Game in the Gift: Part One

Here is part one of an Exciting Noir Thriller! I am making up as I go along. Honestly I'm just throwing random plot points and characters everywhere and seeing what happens later. I don't even know what the title means. Why am I doing this? Why not. 


The bathroom offered some much-needed repose from the club, at least aurally. The muffled but still very audible bass lines that would have been, in any other circumstance, increasingly irritating, were now almost blissful and, despite the smell and the barely-working fluorescent lights, it was definitely a step up. Probably time to go home, too. I hadn’t had a thing to drink in hours, and the members of the party who hadn’t gone home had split up and joined other parties. Now I was alone, with only a single friend around, and wondering what I was doing still here.
   Graffiti wasn’t uncommon in this sort of place. In fact, it would have been strange to see the bathroom walls of this bargain-basement student joint clean. But as I walked to the sink to wash my hands, I noticed, several inches beneath my own eye level, some graffiti that was, decidedly, something queer. For one, it was written in lipstick on the mirror, in large letters. Secondly, the first word of the message was my name.
   Now, I consider myself quite astute and not as green as people would believe, but when someone writes a message to you in lipstick on a mirror in the men’s room, it grabs your attention hard and you tend to listen. Especially when the following part reads:


Unless she was having a particularly adverse effect to alcohol, and bet on reds instead of blacks, there was something much worse up. I’d heard of Carling. He was a tough customer to those who knew him, and a shadowy nightmare to those who didn’t. I was in the latter camp, knowing of him through Lucy alone, though what kind of roulette she played and what it had to do with me I couldn’t say. Though suddenly the closed cubicle in the corner was not as innocuous as it had been a second ago. I forced a cough and shuffled around, looking to pretend I was doing something. Silently I took my phone from my pocket and took a picture of the note before taking a paper towel from the dispenser and wiping it if not completely off then enough for it to be unreadable. Whoever was in that cubicle had their sights set on me and were waiting for the tap to come on to make their entrance. And I only had some paper towels and some half empty plastic beakers to defend myself with. I gripped one the cup with the most drink, and pressed the tap on.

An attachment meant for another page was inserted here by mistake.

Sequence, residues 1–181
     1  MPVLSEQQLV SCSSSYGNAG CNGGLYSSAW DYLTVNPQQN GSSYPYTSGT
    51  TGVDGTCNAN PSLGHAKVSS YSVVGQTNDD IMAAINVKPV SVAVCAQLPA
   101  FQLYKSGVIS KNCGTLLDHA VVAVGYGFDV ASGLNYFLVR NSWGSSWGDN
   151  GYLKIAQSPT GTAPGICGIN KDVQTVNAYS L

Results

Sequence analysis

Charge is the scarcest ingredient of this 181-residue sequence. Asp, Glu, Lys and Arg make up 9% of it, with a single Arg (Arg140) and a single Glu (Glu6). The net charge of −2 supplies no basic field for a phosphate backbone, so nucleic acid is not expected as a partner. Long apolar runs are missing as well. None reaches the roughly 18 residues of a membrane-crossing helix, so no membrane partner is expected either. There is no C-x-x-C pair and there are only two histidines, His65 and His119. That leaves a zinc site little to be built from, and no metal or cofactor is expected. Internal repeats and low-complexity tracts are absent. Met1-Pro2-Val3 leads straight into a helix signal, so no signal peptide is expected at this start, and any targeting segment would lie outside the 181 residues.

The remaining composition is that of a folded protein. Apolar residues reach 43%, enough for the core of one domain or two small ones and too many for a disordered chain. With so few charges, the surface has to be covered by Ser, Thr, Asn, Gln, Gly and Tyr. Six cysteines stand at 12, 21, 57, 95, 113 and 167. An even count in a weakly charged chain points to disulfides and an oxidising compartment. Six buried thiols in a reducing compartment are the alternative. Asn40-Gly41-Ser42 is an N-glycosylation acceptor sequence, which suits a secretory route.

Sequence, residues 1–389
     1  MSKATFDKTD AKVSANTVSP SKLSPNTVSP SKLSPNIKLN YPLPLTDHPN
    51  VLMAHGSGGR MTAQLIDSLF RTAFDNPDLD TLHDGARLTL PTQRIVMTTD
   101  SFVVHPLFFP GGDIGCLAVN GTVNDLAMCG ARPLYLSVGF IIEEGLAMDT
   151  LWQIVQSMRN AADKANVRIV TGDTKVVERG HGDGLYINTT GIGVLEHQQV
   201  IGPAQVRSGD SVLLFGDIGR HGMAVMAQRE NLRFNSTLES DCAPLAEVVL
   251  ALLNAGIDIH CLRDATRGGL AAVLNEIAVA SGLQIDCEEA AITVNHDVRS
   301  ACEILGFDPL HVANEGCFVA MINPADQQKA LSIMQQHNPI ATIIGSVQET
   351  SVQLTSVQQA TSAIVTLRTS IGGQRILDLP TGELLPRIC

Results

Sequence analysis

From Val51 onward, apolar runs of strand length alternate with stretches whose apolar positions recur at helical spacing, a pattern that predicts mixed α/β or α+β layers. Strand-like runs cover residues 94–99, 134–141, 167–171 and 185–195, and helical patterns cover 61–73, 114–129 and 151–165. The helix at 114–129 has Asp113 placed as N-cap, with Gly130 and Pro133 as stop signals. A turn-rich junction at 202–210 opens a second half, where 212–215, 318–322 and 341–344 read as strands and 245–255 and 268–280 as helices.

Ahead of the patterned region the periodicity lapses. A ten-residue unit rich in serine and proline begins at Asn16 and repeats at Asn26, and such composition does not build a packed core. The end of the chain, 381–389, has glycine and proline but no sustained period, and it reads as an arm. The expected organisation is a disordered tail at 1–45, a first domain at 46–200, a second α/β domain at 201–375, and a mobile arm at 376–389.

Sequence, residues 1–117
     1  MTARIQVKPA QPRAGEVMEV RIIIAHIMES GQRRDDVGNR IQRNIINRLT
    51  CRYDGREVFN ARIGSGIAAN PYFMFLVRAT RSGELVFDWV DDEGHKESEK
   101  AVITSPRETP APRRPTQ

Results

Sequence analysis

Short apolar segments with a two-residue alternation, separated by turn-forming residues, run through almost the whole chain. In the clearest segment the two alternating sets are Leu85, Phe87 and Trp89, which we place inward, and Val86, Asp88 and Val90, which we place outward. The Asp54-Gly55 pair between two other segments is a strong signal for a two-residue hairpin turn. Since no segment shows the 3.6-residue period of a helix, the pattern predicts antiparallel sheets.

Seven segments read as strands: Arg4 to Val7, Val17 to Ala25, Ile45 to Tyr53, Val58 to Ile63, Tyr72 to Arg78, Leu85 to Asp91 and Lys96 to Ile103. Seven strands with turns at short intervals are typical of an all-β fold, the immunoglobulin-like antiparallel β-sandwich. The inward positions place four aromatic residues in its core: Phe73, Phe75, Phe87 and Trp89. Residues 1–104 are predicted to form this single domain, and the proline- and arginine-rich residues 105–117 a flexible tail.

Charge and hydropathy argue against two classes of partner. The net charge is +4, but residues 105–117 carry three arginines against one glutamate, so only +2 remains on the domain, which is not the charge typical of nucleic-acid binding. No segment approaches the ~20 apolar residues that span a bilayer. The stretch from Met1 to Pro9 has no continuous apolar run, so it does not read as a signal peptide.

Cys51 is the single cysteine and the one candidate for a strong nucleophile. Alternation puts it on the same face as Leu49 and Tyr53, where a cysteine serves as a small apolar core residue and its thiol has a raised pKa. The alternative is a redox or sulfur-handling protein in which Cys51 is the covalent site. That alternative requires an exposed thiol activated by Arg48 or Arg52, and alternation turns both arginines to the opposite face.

Almost instantaneously the cubicle door burst open and a man dressed down in a stained hoodie, holding a Glock 30 – it’s incredible the details you pick up on in the heat of the moment – opens fire. But I’m quicker: I lunge towards him, throwing the discoloured drink at him. It’s enough to put his aim off and his shot fires miles to my left, cracking the tiles. Before he has time to react, I punch him in the gut and twice in the head and he goes down. He’s out for a few seconds. It appears my own strength surprises me. But he awakes quickly to find my foot on his throat and his gun in my hand. Boy will this look good if anyone were to come in for a quick piss.
   Well, shit, now what do I say?
   “Who are you?” I ask. “You working for Carling?”
   He laughed, but the pressure on his throat makes him choke. He doesn’t say anything. He knows I don’t have control of Jack and I sure as hell ain’t gonna kill him. He’s not afraid of me. He’s probably more afraid of the consequences if he betrays Carling than what I could do to him.
   I took my foot off his throat. He’s smart and didn’t react. He knew if he made a go for me I might knee-jerk and fire one into his skull. I legged it out of there, back into the noise and the fray and I was thankful I was impossible to see, in my dark clothes, in a sea of neon accessories and black light-glowing white shirts. Except the problem was everyone I knew was, too. Screw it. Whatever was going on was far more important. Mac, though, was waiting for me. The first thing he saw was I was wearing iron and he didn’t look too relaxed about it.
   “What is that?” he yelled above the music. I could barely hear him. I tucked the gun away into my belt and dragged him out with me.
   “You know Carling?” I asked, briskly walking down the road towards my apartment. I had no idea where Carling was and this was the only direction I could think of.
   “Not really. Lucy does though. Why?”
   I showed him the photograph.  “Something’s wrong. Someone told me she was in trouble. And then someone tried to kill me.”
   The night was cold and void of stars. I wish I had brought a coat.